Last summer preliminary work began at the Museum in the demolition and site clearance at the rear of the building which included a full archaeological excavation of the site.
This has now been completed and the finds from the excavation have revealed some fascinating historical information. The site archaeologists, Context One, have uncovered the structure of the Roman street which was known to run through the site and we are beginning to understand how it was constructed. A ditch alongside the street has produced a considerable amount of pottery, mainly black burnished ware and animal bone. Two, linear-cut features, which probably represent bedding trenches for Roman buildings, have been revealed. Within the footprint of these buildings there are deposits containing Romano-British pottery and the remains of a Roman oven. Other finds have included two finely made bone hairpins and a piece of wall plaster with green paint. The excavation was accessible to the public from beginning to end via a viewing platform and attracted much attention. Entrance to the dig was free of charge and visitors were encouraged to engage with trained volunteers and archaeologists to learn more.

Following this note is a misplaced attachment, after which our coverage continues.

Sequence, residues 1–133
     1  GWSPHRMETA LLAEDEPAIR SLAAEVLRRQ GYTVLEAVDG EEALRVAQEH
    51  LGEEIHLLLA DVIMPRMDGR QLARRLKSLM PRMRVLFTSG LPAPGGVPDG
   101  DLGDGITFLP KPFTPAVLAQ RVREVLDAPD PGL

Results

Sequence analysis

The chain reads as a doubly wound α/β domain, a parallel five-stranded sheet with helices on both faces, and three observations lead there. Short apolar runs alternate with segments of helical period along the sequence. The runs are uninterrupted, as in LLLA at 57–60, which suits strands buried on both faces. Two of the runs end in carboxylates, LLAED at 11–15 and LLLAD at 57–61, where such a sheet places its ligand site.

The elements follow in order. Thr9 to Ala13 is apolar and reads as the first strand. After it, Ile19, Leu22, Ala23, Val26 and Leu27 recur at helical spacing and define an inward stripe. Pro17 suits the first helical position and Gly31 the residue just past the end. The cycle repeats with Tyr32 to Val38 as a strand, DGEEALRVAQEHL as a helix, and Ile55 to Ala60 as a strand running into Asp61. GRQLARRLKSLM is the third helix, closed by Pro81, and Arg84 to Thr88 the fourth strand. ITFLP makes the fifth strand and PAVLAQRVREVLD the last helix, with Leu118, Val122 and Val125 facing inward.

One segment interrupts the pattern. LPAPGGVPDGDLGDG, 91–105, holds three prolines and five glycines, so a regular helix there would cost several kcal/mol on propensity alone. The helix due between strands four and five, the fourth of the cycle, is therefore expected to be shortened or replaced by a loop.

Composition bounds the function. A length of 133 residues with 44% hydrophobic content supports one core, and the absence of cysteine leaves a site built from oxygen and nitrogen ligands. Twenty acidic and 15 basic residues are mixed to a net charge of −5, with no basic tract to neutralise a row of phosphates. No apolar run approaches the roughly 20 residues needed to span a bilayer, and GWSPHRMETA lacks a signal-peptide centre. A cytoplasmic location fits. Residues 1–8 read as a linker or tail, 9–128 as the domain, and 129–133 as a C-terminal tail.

Limited archaeological finds have also been made under the Fordington Mosaic in the current temporary exhibition gallery, which has been carefully lifted and re-laid securely in the Victorian Hall as a protective measure. Further investigations will take place as the slab of the temporary exhibition gallery is removed. Recording and analysis of all archaeological finds will continue during the project.
With the Museum now decanted of objects with the majority removed off site, work has now begun on the next phase of the project. Acheson Construction have been awarded the tender for the Main Build Works.